The Story of Pykrete: That Time the Navy Built a Ship Out of Ice and Sawdust

The Story of Pykrete: That Time the Navy Built a Ship Out of Ice and Sawdust

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World War 2 was a period of rapid innovation, one of the scant few upsides of war. Crazy ideas were being floated left and right. An aircraft carrier built onto an iceberg was one of them. Though that never saw the light of day, a test ship made from ice was built that was 18 meters long and 1,000 tons on Patricia Lake in the Canadian Rockies.

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It was all the brainchild of Geoffrey Pyke (hence ?Pykrete?) and it nearly came to a premature end when it was discovered that ships built from ice melt too quickly and don?t withstand shells and bullets as well as predicted. Within the Summer, the ship melted to nothing. But then Geoffrey Pyke had an epiphany.

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He recalled reading a report by Herman Mark about how adding sawdust, paper or other fibers to ice in a precise ratio resulted in a material which melted much more slowly, and was about as resilient to impact as concrete. Max Perutz remembers the outcome of this project: ?When we fired a rifle bullet into an upright block of pure ice two feet square and one foot thick, the block shattered; in pykrete the bullet made a little crater and was embedded without doing any damage.?

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Geoffrey Pyke reported the breakthrough to Winston Churchill in a manner that would be unthinkable today, and which makes an amusing mental picture: ??I was sent to Chequers to see the Prime Minister and was told he was in his bath. I said, ?Good, that?s exactly where I want him to be.? I nipped up the stairs and called out to him, ?I have a block of a new material which I would like to put in your bath.? After that he suggested that I should take it to the Quebec Conference.?

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It was far from the only such colorful demonstration. According to Lord Mountbatten, at the Quebec Conference of 1943 he brought a block of pykrete along to demonstrate its potential to the entourage of admirals and generals who had come along with Winston Churchill and Franklin D. Roosevelt.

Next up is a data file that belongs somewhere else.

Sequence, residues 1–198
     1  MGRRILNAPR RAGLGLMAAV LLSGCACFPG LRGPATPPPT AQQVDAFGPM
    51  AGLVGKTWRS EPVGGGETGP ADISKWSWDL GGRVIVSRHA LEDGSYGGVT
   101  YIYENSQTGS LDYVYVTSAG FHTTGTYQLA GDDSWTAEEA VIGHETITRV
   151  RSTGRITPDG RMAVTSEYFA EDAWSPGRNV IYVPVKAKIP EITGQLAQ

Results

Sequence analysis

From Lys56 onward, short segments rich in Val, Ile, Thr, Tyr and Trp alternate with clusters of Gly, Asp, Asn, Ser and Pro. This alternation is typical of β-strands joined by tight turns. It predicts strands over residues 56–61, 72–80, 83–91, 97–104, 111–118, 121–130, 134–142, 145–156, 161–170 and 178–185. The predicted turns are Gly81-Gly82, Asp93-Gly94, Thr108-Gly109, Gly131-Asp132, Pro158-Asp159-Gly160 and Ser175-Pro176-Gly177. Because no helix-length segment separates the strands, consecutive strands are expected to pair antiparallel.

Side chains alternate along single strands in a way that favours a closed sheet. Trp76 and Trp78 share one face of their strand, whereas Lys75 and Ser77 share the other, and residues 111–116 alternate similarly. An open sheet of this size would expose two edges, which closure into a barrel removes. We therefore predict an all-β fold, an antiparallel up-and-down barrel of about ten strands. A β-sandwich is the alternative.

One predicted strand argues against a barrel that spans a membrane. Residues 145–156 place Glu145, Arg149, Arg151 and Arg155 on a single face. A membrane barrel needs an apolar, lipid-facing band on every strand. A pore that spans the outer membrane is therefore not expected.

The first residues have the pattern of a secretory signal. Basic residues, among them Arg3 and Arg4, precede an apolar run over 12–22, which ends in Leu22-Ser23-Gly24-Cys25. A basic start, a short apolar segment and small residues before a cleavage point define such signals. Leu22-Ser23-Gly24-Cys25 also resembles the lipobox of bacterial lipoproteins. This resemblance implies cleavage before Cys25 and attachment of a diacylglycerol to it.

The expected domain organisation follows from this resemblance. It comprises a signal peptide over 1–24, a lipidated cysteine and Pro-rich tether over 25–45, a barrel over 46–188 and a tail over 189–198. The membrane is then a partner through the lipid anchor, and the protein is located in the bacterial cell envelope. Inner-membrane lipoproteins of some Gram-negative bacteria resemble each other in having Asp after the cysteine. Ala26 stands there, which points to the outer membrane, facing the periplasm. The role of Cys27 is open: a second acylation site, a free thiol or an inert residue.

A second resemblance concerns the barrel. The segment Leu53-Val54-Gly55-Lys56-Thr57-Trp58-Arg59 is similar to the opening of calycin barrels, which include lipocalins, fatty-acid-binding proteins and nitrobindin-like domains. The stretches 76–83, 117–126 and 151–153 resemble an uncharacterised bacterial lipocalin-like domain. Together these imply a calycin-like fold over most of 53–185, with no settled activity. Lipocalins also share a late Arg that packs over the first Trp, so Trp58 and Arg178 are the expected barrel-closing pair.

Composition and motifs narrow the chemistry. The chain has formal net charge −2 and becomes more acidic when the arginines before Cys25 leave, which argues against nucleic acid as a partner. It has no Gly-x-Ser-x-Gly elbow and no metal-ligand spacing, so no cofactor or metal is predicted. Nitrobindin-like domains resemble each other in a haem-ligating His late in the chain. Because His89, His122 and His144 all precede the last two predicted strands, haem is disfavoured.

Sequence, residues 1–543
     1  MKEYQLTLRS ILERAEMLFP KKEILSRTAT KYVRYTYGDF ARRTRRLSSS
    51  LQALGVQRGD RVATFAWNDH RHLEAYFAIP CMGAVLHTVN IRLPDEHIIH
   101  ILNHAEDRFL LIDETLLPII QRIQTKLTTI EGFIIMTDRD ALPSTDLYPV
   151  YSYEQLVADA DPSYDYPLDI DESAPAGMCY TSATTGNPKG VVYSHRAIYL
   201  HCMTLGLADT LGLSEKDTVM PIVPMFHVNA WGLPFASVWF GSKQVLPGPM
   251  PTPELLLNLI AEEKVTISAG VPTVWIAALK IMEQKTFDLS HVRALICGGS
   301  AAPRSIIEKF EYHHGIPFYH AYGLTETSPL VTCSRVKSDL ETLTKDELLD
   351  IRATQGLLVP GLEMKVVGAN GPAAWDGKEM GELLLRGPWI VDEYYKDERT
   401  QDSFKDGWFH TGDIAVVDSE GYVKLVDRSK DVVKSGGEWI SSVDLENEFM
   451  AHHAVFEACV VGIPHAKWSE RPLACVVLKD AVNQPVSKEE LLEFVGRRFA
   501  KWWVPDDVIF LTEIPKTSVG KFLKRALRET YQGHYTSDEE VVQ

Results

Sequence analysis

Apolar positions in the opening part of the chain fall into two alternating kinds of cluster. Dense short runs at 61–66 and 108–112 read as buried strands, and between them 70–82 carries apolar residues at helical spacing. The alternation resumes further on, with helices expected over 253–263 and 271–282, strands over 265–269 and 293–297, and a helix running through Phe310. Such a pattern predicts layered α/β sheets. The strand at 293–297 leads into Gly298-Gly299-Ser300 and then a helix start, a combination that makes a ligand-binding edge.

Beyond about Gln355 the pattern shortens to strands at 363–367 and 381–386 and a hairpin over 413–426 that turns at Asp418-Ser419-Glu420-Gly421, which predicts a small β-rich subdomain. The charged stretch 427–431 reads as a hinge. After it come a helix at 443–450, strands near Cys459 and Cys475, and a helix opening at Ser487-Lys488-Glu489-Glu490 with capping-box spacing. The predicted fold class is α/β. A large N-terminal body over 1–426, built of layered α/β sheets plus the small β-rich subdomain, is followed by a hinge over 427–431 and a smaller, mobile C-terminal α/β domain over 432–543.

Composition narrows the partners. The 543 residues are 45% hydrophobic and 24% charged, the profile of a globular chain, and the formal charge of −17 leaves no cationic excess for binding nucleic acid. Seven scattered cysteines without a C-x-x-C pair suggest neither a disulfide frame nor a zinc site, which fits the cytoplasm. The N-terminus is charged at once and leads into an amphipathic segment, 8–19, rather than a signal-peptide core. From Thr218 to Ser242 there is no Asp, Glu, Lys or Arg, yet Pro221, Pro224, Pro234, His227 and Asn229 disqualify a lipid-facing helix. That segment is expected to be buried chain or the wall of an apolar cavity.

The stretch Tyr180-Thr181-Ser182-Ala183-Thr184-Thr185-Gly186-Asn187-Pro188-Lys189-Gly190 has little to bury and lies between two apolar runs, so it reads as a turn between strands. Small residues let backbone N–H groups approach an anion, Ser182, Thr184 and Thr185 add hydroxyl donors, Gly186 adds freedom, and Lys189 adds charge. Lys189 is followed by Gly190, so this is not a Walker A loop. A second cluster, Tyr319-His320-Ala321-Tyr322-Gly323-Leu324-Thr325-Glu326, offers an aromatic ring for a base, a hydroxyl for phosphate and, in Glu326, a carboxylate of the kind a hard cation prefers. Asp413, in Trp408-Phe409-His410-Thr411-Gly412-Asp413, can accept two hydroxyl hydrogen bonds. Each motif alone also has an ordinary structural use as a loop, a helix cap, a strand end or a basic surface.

He entered the project meeting with two blocks and placed them on the ground. One was a normal ice block and the other was pykrete. He then drew his service pistol and shot at the first block. It shattered and splintered. Next, he fired at the pykrete to give an idea of the resistance of that kind of ice to projectiles. The bullet ricocheted off the block, grazing the trouser leg of Admiral Ernest King and ending up in the wall.

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Sadly, though the test ship made from ice did get built, the Pykrete prototype did not. The Allies were looking as though they would achieve decisive victory soon, and funds were scarce anyway. Pykrete was never used to build any military vessels, but not for lack of merit.

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Pykrete is one good idea that was not lost to time, but picked up, dusted off, and occasionally put to good use. The Pykrete Dome Project in 2014 achieved successful construction of the world?s largest ice dome, most of which consisted of pykrete. The upper section, being under much less stress, could be made from regular ice without danger of collapse.

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A small boat made from Pykrete was also built and tested on Mythbusters, as well as the British equivalent, ?Bang Goes the Theory?. Results were?what you might generously call ?varied?. Probable errors in their Pykrete formula sent Bang Goes the Theory?s vessel straight to the bottom before long:

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Perhaps not a hobby for amateurs. At any rate, Pykrete?s story is not over. It still has many promising peacetime applications, like the basis for floating air bases in the polar regions, which are sure to become more and more politically important as the ice continues to melt and the currently accessible oil deposits dwindle.

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What would you use Pykrete for? Nordic seastead? Hardening an Antarctic base against attack? Sound off in the comments.

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